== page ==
Spotlight on: Dr. Leonard Goldberg

Benjamin Barankin, MD, FRCPC, Section Editor

In dermatology, we are fortunate to have many insightful practitioners and great teachers and mentors. Some are bright stars in our special universe — others unsung heroes. All of these colleagues have much to share from wisdom to humor to insights into dermatology and life. This column allows us to gain insight from these practitioners and learn more about them.

Spotlight on: Leonard Goldberg, MD

Q. What part of your work gives you the most pleasure?
A. Being able to spend time with patients and their families and discussing anything that comes up in conversation during the surgery.

Q. Are an understanding and appreciation of the humanities important in dermatology, and why?
A. Yes, we need to understand the psychology of patients and families, as well as the sociology of how patients and their families fit into society.

Q. What is your greatest regret?
A. Not spending more time with my father when I was younger.

Q. Who was your hero/mentor and why?
A. My first hero/mentor is Perry Robins, who taught me dermatologic surgery, Mohs surgery and exposed me to his joie de vivre and his “can do” attitude regarding one’s goals in life and medicine.

My second hero is the late Alvin Cox, who was my mentor in pathology at Stanford University. He showed me the systematic analysis of tissue specimens and the logical formulation of diagnosis.  This has been a great basis for my thinking in dermatology.

Q. Which patient had the most effect on your work and why?
A. I had twin brothers with basal cell nevus syndrome who allowed me to research their families and use their tissues for laboratory work, all in the interest of science, developing knowledge and know-how about the disease from which their family suffered. This showed me the intense interest and dependence that patients have on their doctors and researchers to improve the standard of living.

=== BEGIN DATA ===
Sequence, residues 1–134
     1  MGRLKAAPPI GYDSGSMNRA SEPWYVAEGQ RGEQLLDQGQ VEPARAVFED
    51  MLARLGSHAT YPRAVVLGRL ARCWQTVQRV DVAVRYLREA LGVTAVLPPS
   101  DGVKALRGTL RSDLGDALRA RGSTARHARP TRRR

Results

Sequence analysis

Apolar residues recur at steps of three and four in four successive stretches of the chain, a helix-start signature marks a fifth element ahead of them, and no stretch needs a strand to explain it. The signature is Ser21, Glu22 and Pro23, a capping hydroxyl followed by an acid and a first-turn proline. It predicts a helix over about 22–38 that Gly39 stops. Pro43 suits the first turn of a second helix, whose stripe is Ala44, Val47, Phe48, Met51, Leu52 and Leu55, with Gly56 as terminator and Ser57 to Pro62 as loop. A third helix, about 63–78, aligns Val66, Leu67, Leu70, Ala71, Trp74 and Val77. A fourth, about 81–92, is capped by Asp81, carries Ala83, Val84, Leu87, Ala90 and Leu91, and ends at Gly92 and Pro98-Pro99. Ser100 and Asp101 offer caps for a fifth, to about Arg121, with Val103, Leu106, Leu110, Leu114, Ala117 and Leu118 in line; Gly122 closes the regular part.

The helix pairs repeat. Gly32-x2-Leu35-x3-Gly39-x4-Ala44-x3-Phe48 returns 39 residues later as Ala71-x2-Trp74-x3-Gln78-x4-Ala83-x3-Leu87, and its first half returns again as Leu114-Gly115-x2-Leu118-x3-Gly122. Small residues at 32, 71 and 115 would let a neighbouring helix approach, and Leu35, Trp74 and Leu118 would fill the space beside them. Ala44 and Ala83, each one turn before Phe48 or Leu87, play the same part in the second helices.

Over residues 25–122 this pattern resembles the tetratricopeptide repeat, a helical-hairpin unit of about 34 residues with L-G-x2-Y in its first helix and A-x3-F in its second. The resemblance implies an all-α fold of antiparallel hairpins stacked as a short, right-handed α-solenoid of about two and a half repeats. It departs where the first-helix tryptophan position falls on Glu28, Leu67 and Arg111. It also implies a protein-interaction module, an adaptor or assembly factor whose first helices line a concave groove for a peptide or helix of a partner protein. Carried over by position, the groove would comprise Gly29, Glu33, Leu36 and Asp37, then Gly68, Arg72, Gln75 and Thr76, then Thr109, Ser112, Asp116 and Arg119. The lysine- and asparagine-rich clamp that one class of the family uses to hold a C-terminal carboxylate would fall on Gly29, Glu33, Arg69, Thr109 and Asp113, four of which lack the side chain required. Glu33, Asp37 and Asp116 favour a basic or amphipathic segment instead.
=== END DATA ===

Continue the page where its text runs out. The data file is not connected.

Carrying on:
Q. What is the best piece of advice you have received and from whom?
A. My mother told me not to be a lawyer but to go to medical school and become a doctor. I had the sense to follow her sage advice.

Q. Which medical figure in history would you want to have a drink with and why?
A. There are two. The first is Aaron, the brother of Moses and the high priest who was in charge of medical care and who co-wrote a chapter on dermatology in the Old Testament. I would like to hear his understanding of the causation of disease, genetics and infectious diseases, and how he treated them.  

The second is a Roman army surgeon whose name is not known but whose surgical instruments were excavated in London adjacent to the Thames river.  His surgical instruments are in pristine condition, not very different from mine today, and are displayed in the Barbican Museum in London. I would like to talk to him about the diseases he treated, how he treated them, who his patients were and the response of his patients to treatment.

Q. What is the greatest political danger in the field of dermatology?
A. The greatest danger in the field of dermatology is the medical insurance companies and their ability to control the practice of medicine. They decide who to pay, how much to pay, when to pay and what treatments to pay for.  Payment and choice of doctor should be a matter of choice between patient and the doctor by mutual agreement.

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